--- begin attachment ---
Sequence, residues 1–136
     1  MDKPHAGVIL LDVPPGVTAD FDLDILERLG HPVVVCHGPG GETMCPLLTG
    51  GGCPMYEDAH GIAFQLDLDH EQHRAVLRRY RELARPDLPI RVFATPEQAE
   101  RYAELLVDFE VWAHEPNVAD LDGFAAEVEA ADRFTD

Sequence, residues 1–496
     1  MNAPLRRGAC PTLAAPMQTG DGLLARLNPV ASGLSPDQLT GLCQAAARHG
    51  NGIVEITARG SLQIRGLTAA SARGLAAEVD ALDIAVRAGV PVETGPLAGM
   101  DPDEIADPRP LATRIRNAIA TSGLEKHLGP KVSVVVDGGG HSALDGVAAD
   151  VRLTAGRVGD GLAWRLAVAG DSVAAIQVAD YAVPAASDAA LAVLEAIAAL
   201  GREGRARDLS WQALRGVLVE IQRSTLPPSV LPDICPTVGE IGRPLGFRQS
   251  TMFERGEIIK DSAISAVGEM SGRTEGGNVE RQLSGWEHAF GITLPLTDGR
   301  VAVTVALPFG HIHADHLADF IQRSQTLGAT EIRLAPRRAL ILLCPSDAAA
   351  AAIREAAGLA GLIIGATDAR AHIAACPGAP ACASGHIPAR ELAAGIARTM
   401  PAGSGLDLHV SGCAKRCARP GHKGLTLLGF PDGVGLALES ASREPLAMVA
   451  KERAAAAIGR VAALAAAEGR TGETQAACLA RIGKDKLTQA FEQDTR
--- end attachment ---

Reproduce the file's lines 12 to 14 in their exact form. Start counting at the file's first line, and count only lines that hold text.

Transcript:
   301  VAVTVALPFG HIHADHLADF IQRSQTLGAT EIRLAPRRAL ILLCPSDAAA
   351  AAIREAAGLA GLIIGATDAR AHIAACPGAP ACASGHIPAR ELAAGIARTM
   401  PAGSGLDLHV SGCAKRCARP GHKGLTLLGF PDGVGLALES ASREPLAMVA